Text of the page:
Friday, October 30, 2009

What makes a good drawer?

Drawers are in our furniture and our cabinets. What makes some drawer work great, and others not so much? There are three things that effect drawer quality; materials, construction and sliding mechanisms.

Let’s start with materials. The highest quality drawer boxes are made from hardwoods such as maple. On high end work you may even find solid wood drawer bottoms, although veneers are the norm due to their strength and stability. One step down are boxes made from veneer plywood such as Baltic Birch. This type of plywood is not only is it strong, but the edges look good. The lowest quality drawers are made of some version of “twas” wood (thanks Walt). It twas wood, then it was ground up, mixed with glue and pressed into a board. This is the most likely to fail due to the lack of internal strength.

The next measure of drawer quality is construction. The best drawers will be assembled using dovetail joinery. It is strong and attractive, and when done well, they can’t fail. There are several methods of interlocking joints that work well but they are not as strong. The bottom of the barrel is a butt joint, two pieces of wood butt together. They are usually glued and nailed, but this is a very weak joint and usually doesn’t last. One more thing, the bottom should sit in a groove in the sides and drawer front, not just nailed on the bottom. Over time the weight of the items in the drawer will wear on the nails and eventually will cause the bottom to fall off.

A high end piece may work very well without any mechanical assistance but generally slides are required. It could be something simple like a wood on wood slide or a mechanical slide. These are generally used on dressers and larger drawer, so the need to stand up to a fair amount of wear and tear. Mechanical slides fall into two basic categories; rollers and ball bearings. Rollers are more popular due to their lower cost. Ball bearing slides are considerably stronger, smoother, and allow for over travel. Most drawers only open ¾ of the way making you reach in for items in the back. Over travel allows the back of the drawer to extend beyond the face frame.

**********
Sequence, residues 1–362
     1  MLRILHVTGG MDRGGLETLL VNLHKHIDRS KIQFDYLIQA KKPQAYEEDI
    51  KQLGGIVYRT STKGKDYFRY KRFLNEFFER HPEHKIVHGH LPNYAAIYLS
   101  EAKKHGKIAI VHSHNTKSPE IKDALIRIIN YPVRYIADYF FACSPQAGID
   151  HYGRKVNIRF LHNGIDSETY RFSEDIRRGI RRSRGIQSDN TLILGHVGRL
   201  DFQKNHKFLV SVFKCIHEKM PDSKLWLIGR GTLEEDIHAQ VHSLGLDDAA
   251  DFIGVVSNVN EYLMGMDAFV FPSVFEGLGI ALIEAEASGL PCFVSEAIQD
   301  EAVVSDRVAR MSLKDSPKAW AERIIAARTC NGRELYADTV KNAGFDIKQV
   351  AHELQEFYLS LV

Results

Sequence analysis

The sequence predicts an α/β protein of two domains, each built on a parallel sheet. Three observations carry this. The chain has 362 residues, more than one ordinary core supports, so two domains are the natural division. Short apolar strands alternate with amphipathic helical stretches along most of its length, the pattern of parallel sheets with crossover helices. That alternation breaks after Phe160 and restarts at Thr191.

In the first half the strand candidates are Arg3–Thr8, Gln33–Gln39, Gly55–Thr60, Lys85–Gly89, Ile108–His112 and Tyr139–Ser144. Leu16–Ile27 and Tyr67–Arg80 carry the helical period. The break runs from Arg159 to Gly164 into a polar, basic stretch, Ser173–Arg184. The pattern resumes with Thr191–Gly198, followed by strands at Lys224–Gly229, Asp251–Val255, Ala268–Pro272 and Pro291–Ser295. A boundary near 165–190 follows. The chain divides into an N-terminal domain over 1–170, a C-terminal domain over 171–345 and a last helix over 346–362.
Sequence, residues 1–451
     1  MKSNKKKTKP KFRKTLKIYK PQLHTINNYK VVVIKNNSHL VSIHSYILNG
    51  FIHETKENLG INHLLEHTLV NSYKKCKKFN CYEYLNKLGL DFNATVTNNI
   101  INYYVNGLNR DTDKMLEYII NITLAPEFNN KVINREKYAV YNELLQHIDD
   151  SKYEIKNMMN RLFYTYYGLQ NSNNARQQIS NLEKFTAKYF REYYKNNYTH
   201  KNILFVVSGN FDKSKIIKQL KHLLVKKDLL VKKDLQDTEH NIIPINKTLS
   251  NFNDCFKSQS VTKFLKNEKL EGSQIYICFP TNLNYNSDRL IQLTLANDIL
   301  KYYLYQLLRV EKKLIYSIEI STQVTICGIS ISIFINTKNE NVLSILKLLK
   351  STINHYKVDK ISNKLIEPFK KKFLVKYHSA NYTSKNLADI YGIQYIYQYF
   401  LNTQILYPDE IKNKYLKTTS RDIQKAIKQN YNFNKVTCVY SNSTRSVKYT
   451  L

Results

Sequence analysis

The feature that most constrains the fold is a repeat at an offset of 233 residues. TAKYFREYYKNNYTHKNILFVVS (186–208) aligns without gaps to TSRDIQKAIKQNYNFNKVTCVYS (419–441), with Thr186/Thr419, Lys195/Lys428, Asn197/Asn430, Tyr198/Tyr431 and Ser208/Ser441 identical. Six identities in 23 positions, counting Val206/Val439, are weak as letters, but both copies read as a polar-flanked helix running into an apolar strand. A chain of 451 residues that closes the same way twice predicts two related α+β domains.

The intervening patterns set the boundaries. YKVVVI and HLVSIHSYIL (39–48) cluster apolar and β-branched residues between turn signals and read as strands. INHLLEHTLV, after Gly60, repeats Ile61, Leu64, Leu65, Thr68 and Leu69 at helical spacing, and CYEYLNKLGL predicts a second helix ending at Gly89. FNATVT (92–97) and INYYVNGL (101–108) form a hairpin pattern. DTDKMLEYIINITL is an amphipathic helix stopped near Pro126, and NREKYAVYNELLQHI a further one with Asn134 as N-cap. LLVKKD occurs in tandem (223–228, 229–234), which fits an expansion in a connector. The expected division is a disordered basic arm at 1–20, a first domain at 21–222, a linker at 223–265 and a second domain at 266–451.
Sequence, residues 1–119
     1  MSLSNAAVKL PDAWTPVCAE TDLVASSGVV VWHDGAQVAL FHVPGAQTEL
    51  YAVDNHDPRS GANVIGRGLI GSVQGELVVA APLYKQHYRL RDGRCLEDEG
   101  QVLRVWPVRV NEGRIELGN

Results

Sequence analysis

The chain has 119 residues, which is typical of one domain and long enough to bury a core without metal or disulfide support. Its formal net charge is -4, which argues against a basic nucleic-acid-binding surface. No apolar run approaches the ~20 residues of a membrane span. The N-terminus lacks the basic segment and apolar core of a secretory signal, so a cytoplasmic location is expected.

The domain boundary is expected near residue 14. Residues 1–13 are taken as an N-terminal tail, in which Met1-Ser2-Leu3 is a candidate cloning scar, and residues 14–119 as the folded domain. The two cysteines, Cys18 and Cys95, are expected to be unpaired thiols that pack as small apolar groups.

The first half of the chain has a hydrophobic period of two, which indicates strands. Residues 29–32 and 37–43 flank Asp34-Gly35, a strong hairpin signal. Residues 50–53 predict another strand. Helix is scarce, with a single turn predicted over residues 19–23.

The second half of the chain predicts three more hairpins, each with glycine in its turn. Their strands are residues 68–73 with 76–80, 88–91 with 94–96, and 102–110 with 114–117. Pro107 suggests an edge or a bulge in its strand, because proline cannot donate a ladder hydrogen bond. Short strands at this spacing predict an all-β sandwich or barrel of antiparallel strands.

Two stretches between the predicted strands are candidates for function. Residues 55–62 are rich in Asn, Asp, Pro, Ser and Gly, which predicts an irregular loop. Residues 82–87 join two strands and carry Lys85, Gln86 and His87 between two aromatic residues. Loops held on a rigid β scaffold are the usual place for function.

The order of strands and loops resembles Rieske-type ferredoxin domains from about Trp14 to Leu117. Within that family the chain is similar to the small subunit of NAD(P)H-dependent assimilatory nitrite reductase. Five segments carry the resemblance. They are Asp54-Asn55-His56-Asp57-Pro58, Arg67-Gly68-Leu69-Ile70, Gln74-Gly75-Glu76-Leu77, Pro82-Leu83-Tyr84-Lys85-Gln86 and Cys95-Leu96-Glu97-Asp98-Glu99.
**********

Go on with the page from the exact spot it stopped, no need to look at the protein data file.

Keep this information in mind the next time you buy a piece with a drawer in it, you’ll know what you’re getting into.

Friday, October 9, 2009

What do you need to know when buying a power tool?

Let me state that I’m not just a lifelong tool junkie; I also sold power tools for seven years. In those years I’ve trained with a lot of manufacturers and learned what makes a good tool, and what to avoid.

Rule #1: Buy the best tool you can afford. If you buy a cheap tool, odds are you’ll have to replace it faster than if you had bought a quality tool. That said; if it is something you will use once a year, you don’t need to get top of the line, just know what you getting into.

Rule #2: Make sure you compare apples to apples. A store brand 18v drill isn’t the same as one from a manufacturer like Makita or the like. Some manufacturers even make two grades of tools that look identical. They do this by exchanging bearings with nylon sleeves, and steel gears with aluminum or plastic. While the models make look the same, they will have a slightly different model number, and usually a significant price difference.

Rule #3 (and this is a personal one): Don’t buy store brand tools from big box stores. They tend to be less durable, less powerful, and harder to repair. Too many times I’ve met people who said “but they have a life time warranty” only to find out that the parts are not available, or they have to jump through hoops to get any satisfaction.

Rule #4: Do your research. Talk to contractors, go to a specialty tool store, or read woodworking magazines. Any good contractor will share their thoughts with you, and rarely will you find one of these stores that won’t help a weekend warrior. I’m a fan of books and magazines from The Taunton Press, who always have quality material.

Rule #5: Don’t get hung up on one manufacturer. Some people will only by DeWalt or Milwaukee, etc. There is a problem with this theory; every manufacturer has some great products, and some dogs (with the possible exception of Bosch). I believe that in the long run buying the best tool available is better than having a color coded tool chest.

OK, these may be the rantings of a tool junky, but I think if you use this information on your next tool purchase, you’ll end up with a tool that will last you a long time.